To be honest, I don't advise building one now, by September, I expect Intel to have refreshed their professional line of processors. Alternatively, you can go with one of the more recent Xeon processors - there's a reason Apple is using them in the Mac Pro desktop.

However, if you have to build soon, then I'd start around this type of configuration: http://pcpartpicker.com/p/8Zvxbv

PCPartPicker part list / Price breakdown by merchant

CPU: Intel Core i7-4820K 3.7GHz Quad-Core Processor ($319.98 @ OutletPC)
CPU Cooler: Intel BXRTS2011AC CPU Cooler ($21.55 @ Amazon)
Motherboard: ASRock X79 Extreme4 ATX LGA2011 Motherboard ($199.99 @ Newegg)
Memory: G.Skill Ripjaws Z Series 16GB (4 x 4GB) DDR3-1866 Memory ($162.99 @ Newegg)
Storage: Samsung 840 EVO 250GB 2.5" Solid State Drive ($134.99 @ Best Buy)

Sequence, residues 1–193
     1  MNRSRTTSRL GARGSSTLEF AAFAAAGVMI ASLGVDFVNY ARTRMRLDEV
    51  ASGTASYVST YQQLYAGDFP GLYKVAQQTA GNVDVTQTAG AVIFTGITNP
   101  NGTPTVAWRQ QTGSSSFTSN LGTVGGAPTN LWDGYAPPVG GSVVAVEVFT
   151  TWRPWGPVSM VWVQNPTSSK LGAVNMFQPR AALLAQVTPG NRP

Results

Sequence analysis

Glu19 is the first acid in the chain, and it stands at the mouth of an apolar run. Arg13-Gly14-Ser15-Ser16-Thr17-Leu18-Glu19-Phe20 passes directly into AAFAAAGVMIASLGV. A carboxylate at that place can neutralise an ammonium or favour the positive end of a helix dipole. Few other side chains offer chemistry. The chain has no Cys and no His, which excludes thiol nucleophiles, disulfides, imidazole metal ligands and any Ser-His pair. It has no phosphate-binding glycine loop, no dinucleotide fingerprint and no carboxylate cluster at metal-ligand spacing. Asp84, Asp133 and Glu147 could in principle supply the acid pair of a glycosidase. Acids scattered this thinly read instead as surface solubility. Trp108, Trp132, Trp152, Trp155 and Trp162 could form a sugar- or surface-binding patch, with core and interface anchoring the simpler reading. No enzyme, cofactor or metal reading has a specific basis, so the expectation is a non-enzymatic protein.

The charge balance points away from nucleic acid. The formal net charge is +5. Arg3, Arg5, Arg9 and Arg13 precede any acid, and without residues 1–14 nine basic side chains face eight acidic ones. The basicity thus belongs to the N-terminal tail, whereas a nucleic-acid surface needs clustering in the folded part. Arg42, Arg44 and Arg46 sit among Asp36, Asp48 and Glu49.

Storage: Western Digital Caviar Blue 1TB 3.5" 7200RPM Internal Hard Drive ($54.99 @ NCIX US)
Video Card: ATI FirePro V4900 1GB Video Card ($146.99 @ Newegg)
Case: Fractal Design Define R4 w/Window (Black Pearl) ATX Mid Tower Case ($99.99 @ Newegg)
Power Supply: SeaSonic 620W 80+ Bronze Certified Semi-Modular ATX Power Supply ($88.99 @ SuperBiiz)
Optical Drive: Samsung SH-224DB/BEBE DVD/CD Writer ($14.98 @ OutletPC)
Operating System: Microsoft Windows 8.1 Pro (OEM) (64-bit) ($129.98 @ OutletPC)
Total: $1375.42
Prices include shipping, taxes, and discounts when available



There is virtually no difference between desktop and workstation cards from AMD. AMD doesn't cripple the compute capabilities of their desktop line like Nvidia does.
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a b à CPUs
June 25, 2014 4:43:11 PM

logainofhades said:

There is virtually no difference between desktop and workstation cards from AMD. AMD doesn't cripple the compute capabilities of their desktop line like Nvidia does.